ELECTROCHEMICAL RECOVERY OF Tc FROM SOLUTIONS ISSUING FROM SNF REPROCESSINGтезисы доклада

Дата последнего поиска статьи во внешних источниках: 3 июля 2019 г.

Работа с тезисами доклада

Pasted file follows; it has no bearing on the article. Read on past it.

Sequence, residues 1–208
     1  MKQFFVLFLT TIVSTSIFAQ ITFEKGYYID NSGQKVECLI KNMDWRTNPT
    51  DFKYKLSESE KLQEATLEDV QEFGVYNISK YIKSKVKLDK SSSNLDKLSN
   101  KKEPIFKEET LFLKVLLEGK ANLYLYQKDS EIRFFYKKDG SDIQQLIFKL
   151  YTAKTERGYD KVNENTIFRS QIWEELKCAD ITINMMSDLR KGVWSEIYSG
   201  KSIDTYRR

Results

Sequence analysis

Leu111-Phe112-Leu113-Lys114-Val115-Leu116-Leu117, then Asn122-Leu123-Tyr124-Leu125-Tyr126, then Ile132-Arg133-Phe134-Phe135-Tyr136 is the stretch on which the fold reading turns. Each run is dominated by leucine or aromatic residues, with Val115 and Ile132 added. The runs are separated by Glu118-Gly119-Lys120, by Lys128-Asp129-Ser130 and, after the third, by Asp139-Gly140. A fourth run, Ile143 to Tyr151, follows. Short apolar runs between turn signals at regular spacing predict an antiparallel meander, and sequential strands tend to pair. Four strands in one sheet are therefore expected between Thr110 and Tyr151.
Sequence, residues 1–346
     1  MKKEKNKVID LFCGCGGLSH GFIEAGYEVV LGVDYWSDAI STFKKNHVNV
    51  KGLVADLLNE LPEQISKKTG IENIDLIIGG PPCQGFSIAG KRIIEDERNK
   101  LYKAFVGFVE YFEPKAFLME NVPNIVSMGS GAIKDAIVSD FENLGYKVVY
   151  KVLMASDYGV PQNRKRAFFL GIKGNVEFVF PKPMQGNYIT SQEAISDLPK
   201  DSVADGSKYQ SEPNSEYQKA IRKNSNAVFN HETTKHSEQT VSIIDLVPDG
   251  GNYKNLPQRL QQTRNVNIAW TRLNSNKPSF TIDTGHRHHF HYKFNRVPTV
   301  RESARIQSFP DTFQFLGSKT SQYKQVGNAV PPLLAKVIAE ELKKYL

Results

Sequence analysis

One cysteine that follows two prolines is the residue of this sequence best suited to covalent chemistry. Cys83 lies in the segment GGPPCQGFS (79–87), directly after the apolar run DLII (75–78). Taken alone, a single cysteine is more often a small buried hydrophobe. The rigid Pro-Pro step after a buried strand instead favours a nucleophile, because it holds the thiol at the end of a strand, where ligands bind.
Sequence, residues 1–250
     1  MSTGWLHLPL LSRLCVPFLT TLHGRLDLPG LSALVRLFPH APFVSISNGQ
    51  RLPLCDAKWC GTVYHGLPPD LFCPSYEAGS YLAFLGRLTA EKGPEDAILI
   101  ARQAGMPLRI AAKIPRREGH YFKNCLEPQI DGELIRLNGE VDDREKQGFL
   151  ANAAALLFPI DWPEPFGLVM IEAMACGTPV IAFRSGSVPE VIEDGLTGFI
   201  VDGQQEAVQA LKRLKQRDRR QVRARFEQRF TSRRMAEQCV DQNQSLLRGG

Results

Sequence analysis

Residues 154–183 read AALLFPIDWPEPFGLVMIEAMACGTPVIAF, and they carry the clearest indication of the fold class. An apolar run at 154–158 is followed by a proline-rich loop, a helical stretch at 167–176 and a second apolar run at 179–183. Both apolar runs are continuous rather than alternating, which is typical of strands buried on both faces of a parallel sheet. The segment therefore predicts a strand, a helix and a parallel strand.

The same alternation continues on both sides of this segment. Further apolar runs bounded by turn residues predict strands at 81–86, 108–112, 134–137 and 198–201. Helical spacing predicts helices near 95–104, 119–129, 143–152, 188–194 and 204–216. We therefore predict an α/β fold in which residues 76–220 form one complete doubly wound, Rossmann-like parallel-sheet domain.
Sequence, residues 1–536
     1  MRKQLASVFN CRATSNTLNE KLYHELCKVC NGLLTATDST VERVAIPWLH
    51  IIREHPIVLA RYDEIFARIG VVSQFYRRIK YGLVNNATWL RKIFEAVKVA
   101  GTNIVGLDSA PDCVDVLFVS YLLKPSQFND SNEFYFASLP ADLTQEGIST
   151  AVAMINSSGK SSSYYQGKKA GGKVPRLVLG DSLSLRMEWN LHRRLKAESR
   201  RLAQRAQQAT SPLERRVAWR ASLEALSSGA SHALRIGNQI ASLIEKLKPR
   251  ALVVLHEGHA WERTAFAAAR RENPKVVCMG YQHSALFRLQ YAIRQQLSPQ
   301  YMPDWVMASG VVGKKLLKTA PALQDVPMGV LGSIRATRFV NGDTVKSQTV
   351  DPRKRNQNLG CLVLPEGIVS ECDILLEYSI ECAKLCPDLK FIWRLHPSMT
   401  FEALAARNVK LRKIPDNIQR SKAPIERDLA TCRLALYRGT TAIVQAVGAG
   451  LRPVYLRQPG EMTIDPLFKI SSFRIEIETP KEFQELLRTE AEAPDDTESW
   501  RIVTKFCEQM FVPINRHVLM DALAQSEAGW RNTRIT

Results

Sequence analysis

[1] Volkov M. A., German K. E., Kuznetsov V. V. Electrochemical recovery of tc from solutions issuing from snf reprocessing // Proceedings and selected lectures of the 10th International Symposium on Technetium and Rhenium – Science and Utilization,. — Vol. 1 of 1. — Publishing House Granica, Moscow, 2018. — P. 182–183. A new electrochemical method for extracting technetium from solutions of radioactive waste and SNF is proposed. The electrolyte proposed for the electrochemical extraction of technetium makes it possible to selectively isolate from the technetium solution a highly oxidized state. Depending on the current density from the SNF and RW solutions, it is possible to isolate molybdenum in the form of metal oxide coatings. Such an approach should reduce the amount of waste to be disposed of. Key words: pertechnetate, extraction of technetium, reprocessing of spent nuclear fuel, acetate. Radiochemical reprocessing of spent nuclear fuel (SNF) includes dozens of technologies for processing both introduced into the industry and passing laboratory tests. They meet all safety requirements, give a high degree of separation of the target radionuclides contained in SNF and assume the disposal of radioactive waste (RW) in various forms. Industrially implemented processes of water-chemical SNF processing usually include dissolving the opened fuel in nitric acid and further purification by extracting TBP in hydrocarbon diluents [1]. Purification is focused primarily on the separation of uranium and plutonium. For some fission products (PD), including 99 Tc, separation methods have been developed, the improvement of which can make it a valuable product. After the extraction of U and Pu, the washing solutions contain tangible amounts of technetium, usually in a highly oxidized state. They are still connected with the first cycle of raffinate and sent for residue, vitrification and disposal. It is also possible to prepare targets for further transmutation [2]. Trace amounts of technetium compounds are found even in purified oxides of uranium and plutonium [3]. Technetium is a problem PD in the reprocessing of spent nuclear fuel, accumulating with an output of ≈ 6%. Methods of extracting it from solutions usually extraction or precipitation, electrochemically from the formed acid solutions of technetium is poorly isolated. The electrolyte proposed in 2016 for the electrodeposition of molybdenum coatings is also of interest for technetium compounds due to the similarity of their electrochemical behavior. Through electrolysis on iron, brass, copper and gold cathodes from electrolyte proposed in [4-6] metal oxide coating is deposited. The content of oxides in the coating depends on the metal concentration, temperature, current density, diffusion and additionally introduced into the electrolyte cations of heavy metals such as cesium and rubidium. The precipitation of technetium compounds is carried out only from its highest degree of oxidation due to the pronounced adsorption on the cathode surface, which is confirmed by the shape of the current versus time curves on a growing mercury drop during polarographic studies. The thermodynamic deposition of metallic Tc from aqueous solutions is possible, but preferably from electrolytes with low values pH ≤ 4, but the concentrated (3-5 M) acetate electrolyte proposed for the precipitation of molybdenum makes it possible to conduct precipitation from electrolytes with a pH ≥ 9, which is explained by the suppression of water dissociation reactions. The recommended value for ammonium acetate electrolyte is pH = 7. During the electroreduction of ammonium pertechnetate, a dense coating is formed on the surface of the cathode, which has a metallic luster. The current density needed to form a coating should not exceed 400mA / dm 2 , which allows long-term electrolysis of solutions without additional cooling of the mixture, which saves energy costs. Precipitation of Tc at elevated current densities leads to the formation of insoluble, dense precipitates on the cathode with low adhesion, but the rate of extraction of technetium from the solution increases proportionally. The metal 182. [ DOI ]

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